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‘Slight Return’

Paul Muldoon’s Poetics of Place


Anne Karhio

This volume examines the relationship between poetic language and place in the work of Paul Muldoon. Through a close reading of the formal and stylistic aspects of his poems, the book explores the question of how poetry as an art form can be engaged to map the complex exchanges between language and the material, phenomenal, personal and social dimensions of our sense of place. In particular, it demonstrates how various forms of repetition and return, in language and memory, are crucial to Muldoon’s approach to place and landscape. Each chapter focuses on a specific aspect of the poet’s work: the naming of place; the genre of the long poem; poetry, music and nostalgia; and, finally, the place of poetry in the information age.


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Chapter 5: The Place of Poetry in the Information Age: Things Worth Knowing?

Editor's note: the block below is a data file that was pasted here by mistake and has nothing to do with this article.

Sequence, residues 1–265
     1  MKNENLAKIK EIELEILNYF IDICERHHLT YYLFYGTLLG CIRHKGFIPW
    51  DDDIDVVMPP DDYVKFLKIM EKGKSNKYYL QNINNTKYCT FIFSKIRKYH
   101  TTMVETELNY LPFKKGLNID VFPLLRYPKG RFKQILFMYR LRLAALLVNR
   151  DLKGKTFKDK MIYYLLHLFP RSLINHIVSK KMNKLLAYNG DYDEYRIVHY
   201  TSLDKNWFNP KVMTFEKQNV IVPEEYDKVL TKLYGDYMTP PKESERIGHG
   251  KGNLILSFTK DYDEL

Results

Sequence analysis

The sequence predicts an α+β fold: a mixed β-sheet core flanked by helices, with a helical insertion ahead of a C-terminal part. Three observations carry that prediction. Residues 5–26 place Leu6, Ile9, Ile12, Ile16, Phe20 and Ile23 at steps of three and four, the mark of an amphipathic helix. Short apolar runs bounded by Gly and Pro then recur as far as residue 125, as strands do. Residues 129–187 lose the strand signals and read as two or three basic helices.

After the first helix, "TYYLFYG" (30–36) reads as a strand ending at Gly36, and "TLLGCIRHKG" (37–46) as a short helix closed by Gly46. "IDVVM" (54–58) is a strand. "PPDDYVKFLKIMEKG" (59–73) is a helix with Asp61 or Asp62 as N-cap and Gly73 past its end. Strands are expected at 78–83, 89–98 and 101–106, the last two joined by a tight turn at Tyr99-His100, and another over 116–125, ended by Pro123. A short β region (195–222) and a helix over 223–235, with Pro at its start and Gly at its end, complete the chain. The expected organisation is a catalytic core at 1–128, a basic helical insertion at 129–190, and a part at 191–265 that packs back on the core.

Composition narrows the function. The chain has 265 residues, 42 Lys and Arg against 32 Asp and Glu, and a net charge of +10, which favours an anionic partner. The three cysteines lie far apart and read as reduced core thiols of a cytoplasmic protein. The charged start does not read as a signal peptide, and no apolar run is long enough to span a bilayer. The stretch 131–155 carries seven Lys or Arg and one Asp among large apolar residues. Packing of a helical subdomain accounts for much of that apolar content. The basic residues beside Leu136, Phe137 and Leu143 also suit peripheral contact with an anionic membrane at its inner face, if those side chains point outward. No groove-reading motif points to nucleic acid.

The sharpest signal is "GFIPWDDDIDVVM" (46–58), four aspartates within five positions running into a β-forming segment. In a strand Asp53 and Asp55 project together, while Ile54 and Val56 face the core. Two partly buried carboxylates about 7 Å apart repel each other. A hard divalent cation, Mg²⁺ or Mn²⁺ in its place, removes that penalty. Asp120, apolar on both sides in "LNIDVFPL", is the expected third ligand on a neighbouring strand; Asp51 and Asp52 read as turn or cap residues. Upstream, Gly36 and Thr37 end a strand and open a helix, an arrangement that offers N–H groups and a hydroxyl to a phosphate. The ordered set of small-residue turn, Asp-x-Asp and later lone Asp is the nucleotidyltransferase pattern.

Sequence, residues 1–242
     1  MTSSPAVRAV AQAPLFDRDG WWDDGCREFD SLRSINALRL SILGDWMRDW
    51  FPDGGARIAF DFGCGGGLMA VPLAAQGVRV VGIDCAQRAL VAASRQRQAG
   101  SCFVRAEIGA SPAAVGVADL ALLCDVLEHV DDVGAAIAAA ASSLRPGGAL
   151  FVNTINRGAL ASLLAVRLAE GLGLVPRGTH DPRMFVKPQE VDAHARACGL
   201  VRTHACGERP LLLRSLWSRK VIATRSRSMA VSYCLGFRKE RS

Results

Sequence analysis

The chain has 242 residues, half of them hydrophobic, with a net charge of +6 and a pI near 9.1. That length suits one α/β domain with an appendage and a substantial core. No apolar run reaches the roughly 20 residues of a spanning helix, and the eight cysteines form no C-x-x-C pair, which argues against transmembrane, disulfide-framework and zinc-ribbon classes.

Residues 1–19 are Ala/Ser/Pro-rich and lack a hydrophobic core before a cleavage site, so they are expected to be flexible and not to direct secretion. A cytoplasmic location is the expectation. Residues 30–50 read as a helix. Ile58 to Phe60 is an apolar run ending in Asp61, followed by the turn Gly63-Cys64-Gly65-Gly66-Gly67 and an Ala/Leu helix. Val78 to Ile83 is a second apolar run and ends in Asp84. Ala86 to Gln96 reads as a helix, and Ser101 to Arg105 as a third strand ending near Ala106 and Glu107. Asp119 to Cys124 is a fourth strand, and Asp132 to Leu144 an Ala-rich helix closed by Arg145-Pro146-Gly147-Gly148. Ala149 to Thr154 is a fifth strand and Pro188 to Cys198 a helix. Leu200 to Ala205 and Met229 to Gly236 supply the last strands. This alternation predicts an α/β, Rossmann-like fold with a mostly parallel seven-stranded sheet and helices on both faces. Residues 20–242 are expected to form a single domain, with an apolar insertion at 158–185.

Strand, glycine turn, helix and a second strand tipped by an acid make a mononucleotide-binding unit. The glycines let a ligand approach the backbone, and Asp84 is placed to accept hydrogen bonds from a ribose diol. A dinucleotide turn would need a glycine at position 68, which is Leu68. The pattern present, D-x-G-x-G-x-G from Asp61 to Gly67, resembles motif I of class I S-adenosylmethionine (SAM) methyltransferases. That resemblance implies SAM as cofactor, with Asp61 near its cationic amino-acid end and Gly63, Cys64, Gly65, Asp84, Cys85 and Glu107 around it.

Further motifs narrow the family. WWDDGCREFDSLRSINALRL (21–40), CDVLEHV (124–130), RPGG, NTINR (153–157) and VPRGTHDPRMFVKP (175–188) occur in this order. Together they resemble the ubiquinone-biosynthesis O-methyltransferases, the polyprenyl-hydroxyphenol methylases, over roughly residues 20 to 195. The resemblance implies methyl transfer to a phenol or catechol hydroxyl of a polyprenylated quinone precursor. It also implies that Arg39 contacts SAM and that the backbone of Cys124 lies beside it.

Chapter 5 The Place of Poetry in the Information Age: Things Worth Knowing? ‘Information’ and ‘Knowing’ In 2006, Fran Brearton commented on how new technologies have changed the way we read Muldoon’s work: […] what once looked ‘difficult’ in Muldoon, what left many readers ‘high and dry’, and what provided plenty of fodder for the academic, has been transformed by the internet. What might once have entailed weeks of research now requires little more than an afternoon with Google. The great virtue of that change is not the ease with which Muldoon is now ‘elucidated’; rather, we can now shortcut to a recognition that such elucidations and explications […] don’t really help that much at all.1 In other words, the accusation of opacity or elitism that has frequently fol- lowed from readers’ frustration with Muldoon’s densely referential poetics is harder to justify in the digital age, when background information on words, names, and locations can be accessed with a few hits on the key- board. The poet himself has always remained coolly unconcerned when faced with critics’ occasional annoyance with his method. When asked about the overwhelming complexity and the abundant use of intertextual reference in ‘Madoc’, he replied: If you don’t know who Burr or Blennerhassett is, well, you may have to go and find out. But that’s okay. There are lots of things we have to go and find out. We have to go and find out what red, what wheel and barrow are, at some level. But […] I’m 1...

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